Today's spotlight is on narrative paintings (paintings which tell a story or represent key features or events of a story).
Nameless and Friendless
by Emily Mary Osborn
A widow ventures into an unfamiliar world to try to sell a painting.
by Joseph Wright
Here, a scientist/philosopher uses an orrery (an early form of planetarium) to explain the workings of the solar system. As the Derby Museum and Art Gallery says, "The audience listening to the philosopher consists of ordinary, middle-class people and their faces express surprise and wonderment at what they are hearing. It is important to remember that it was still relatively recently that Newton had claimed that the planets moved around the sun - and not around the earth."
A Huguenot, on St. Bartholomew's Day, Refusing to Shield Himself from Danger by Wearing the Roman Catholic Badge (1852)
by John Everett Millais
On St. Bartholomew's Day, 1572, a massacre of French Protestants (known as Huguenots) began. Here, a young woman tries to tie a white armband on her love so that he can pass for Catholic. He, however, pulls it off.
The flip side -- Millais' painting of a Catholic man being called to go kill Protestants on St. Bartholomew's Day.
Two by John Callcott Horsley:
Rent Day at Haddon Hall
by John Callcott Horsley
The Banker's Private Room Negotiating a Loan, 1870
by John Callcott Horsley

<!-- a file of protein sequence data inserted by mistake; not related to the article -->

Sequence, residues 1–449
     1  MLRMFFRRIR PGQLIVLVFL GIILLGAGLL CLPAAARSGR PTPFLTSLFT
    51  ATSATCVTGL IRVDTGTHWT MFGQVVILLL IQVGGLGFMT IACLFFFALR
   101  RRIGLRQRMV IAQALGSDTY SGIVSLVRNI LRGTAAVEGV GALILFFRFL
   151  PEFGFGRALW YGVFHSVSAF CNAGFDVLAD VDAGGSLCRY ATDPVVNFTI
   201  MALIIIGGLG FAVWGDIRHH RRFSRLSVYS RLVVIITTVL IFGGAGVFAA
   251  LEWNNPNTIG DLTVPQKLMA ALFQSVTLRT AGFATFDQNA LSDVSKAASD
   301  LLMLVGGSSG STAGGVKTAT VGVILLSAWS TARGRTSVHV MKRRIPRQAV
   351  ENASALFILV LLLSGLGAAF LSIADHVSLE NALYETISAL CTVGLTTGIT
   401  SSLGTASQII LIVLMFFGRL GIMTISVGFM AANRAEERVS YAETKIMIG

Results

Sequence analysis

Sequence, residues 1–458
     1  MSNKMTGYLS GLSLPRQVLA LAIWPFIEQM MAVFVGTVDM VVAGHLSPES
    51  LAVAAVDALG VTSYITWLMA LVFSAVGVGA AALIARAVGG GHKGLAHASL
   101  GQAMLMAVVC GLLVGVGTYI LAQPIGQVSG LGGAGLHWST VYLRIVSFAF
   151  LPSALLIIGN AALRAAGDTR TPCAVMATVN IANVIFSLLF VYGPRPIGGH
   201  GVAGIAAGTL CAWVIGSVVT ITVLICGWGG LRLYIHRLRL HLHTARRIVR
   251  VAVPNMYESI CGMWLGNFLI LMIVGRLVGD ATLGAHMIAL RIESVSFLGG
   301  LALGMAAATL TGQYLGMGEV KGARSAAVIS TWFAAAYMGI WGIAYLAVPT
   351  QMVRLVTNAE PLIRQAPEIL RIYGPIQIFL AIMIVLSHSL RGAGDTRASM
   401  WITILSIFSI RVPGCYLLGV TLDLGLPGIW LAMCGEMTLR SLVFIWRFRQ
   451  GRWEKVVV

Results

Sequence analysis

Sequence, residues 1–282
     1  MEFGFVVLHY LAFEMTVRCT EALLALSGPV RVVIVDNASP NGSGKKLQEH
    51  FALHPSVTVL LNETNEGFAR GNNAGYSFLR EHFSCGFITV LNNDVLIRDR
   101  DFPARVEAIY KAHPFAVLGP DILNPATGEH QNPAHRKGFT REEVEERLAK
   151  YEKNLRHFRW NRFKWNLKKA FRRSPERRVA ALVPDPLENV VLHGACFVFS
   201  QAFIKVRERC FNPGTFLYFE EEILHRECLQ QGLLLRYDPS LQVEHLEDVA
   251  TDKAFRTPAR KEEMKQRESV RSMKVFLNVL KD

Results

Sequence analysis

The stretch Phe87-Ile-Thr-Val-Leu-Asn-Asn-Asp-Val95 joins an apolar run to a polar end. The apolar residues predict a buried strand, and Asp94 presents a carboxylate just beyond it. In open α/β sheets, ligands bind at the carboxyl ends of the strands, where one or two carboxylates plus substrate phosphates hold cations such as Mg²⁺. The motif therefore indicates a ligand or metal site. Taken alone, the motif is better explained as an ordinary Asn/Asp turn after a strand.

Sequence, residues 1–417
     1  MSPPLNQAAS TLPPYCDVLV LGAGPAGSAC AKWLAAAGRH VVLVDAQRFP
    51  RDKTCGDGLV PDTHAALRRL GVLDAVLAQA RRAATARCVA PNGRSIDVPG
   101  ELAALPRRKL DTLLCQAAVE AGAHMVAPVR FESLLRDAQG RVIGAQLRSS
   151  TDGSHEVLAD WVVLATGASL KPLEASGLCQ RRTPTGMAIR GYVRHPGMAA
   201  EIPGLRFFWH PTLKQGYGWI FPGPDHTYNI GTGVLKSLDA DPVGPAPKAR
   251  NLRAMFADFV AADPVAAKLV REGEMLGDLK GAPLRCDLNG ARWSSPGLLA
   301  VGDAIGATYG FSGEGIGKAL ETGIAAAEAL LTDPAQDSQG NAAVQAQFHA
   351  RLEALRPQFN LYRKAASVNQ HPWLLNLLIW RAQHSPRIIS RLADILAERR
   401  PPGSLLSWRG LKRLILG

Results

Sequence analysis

The Mockery of the Owl
by Jan van Kessel
Koninklijk Museum voor Schone Kunsten, Antwerp
And in the "Where DO you get this stuff, Tabatha?" Department, we have a video of Queen's The Fairy Feller's Master-Stroke, written by the late, great Freddie Mercury, combined with shots of Richard Dadd's painting The Fairy Feller's Master-Stroke. The Fairy Feller is a woodcutter, and his master stroke is the one he uses to cut a nut open for Queen Mab's carriage. (Queen Mab was a fairy in Shakespeare's Romeo and Juliet).
Mercutio says of Queen Mab:
"Her chariot is an empty hazelnut
Made by the joiner squirrel or old grub,
Time out o’ mind the fairies’ coachmakers.
And in this state she gallops night by night
Through lovers’ brains, and then they dream of love;
O’er courtiers’ knees, that dream on court'sies straight,
O’er lawyers’ fingers, who straight dream on fees,
O’er ladies ‘ lips, who straight on kisses dream..."
The small oil painting took nine years for Dadd to almost finish (the left corner is not completed). (Grim info that I shouldn't leave out: he painted it while he was in a psychiatric hospital for killing his father.)